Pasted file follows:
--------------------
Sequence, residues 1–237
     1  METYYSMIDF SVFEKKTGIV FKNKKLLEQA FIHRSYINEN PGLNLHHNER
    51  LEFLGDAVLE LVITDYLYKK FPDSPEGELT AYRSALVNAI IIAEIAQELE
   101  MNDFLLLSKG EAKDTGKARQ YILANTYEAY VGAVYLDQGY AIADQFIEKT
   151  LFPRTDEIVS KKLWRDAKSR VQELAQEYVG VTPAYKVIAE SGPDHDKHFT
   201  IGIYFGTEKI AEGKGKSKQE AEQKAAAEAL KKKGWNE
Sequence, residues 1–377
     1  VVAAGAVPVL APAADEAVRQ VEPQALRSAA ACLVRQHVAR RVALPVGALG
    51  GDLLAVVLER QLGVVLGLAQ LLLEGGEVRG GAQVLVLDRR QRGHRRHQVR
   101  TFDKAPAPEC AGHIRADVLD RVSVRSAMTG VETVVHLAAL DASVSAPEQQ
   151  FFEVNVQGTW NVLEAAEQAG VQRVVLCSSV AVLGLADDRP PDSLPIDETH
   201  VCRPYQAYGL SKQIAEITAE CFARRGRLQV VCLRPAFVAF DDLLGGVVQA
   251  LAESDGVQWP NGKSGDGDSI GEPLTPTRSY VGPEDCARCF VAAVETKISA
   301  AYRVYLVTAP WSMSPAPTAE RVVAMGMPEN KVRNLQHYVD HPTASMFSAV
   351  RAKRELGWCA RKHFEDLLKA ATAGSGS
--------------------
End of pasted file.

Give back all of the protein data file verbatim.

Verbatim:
Sequence, residues 1–237
     1  METYYSMIDF SVFEKKTGIV FKNKKLLEQA FIHRSYINEN PGLNLHHNER
    51  LEFLGDAVLE LVITDYLYKK FPDSPEGELT AYRSALVNAI IIAEIAQELE
   101  MNDFLLLSKG EAKDTGKARQ YILANTYEAY VGAVYLDQGY AIADQFIEKT
   151  LFPRTDEIVS KKLWRDAKSR VQELAQEYVG VTPAYKVIAE SGPDHDKHFT
   201  IGIYFGTEKI AEGKGKSKQE AEQKAAAEAL KKKGWNE
Sequence, residues 1–377
     1  VVAAGAVPVL APAADEAVRQ VEPQALRSAA ACLVRQHVAR RVALPVGALG
    51  GDLLAVVLER QLGVVLGLAQ LLLEGGEVRG GAQVLVLDRR QRGHRRHQVR
   101  TFDKAPAPEC AGHIRADVLD RVSVRSAMTG VETVVHLAAL DASVSAPEQQ
   151  FFEVNVQGTW NVLEAAEQAG VQRVVLCSSV AVLGLADDRP PDSLPIDETH
   201  VCRPYQAYGL SKQIAEITAE CFARRGRLQV VCLRPAFVAF DDLLGGVVQA
   251  LAESDGVQWP NGKSGDGDSI GEPLTPTRSY VGPEDCARCF VAAVETKISA
   301  AYRVYLVTAP WSMSPAPTAE RVVAMGMPEN KVRNLQHYVD HPTASMFSAV
   351  RAKRELGWCA RKHFEDLLKA ATAGSGS